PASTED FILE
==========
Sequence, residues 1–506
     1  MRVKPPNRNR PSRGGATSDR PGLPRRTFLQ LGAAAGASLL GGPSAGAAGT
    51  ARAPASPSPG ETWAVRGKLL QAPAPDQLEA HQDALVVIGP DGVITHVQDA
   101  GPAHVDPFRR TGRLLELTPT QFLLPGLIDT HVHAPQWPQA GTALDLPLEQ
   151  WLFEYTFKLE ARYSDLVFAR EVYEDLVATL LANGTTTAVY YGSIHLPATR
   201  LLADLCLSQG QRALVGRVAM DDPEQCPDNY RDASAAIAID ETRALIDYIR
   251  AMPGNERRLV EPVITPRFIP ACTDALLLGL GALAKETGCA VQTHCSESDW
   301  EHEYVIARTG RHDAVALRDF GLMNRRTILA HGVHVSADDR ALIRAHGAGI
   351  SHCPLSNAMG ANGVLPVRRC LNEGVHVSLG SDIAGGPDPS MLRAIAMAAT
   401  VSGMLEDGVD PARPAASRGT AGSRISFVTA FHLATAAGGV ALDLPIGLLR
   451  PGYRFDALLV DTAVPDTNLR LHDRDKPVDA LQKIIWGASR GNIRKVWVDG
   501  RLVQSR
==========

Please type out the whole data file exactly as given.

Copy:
Sequence, residues 1–506
     1  MRVKPPNRNR PSRGGATSDR PGLPRRTFLQ LGAAAGASLL GGPSAGAAGT
    51  ARAPASPSPG ETWAVRGKLL QAPAPDQLEA HQDALVVIGP DGVITHVQDA
   101  GPAHVDPFRR TGRLLELTPT QFLLPGLIDT HVHAPQWPQA GTALDLPLEQ
   151  WLFEYTFKLE ARYSDLVFAR EVYEDLVATL LANGTTTAVY YGSIHLPATR
   201  LLADLCLSQG QRALVGRVAM DDPEQCPDNY RDASAAIAID ETRALIDYIR
   251  AMPGNERRLV EPVITPRFIP ACTDALLLGL GALAKETGCA VQTHCSESDW
   301  EHEYVIARTG RHDAVALRDF GLMNRRTILA HGVHVSADDR ALIRAHGAGI
   351  SHCPLSNAMG ANGVLPVRRC LNEGVHVSLG SDIAGGPDPS MLRAIAMAAT
   401  VSGMLEDGVD PARPAASRGT AGSRISFVTA FHLATAAGGV ALDLPIGLLR
   451  PGYRFDALLV DTAVPDTNLR LHDRDKPVDA LQKIIWGASR GNIRKVWVDG
   501  RLVQSR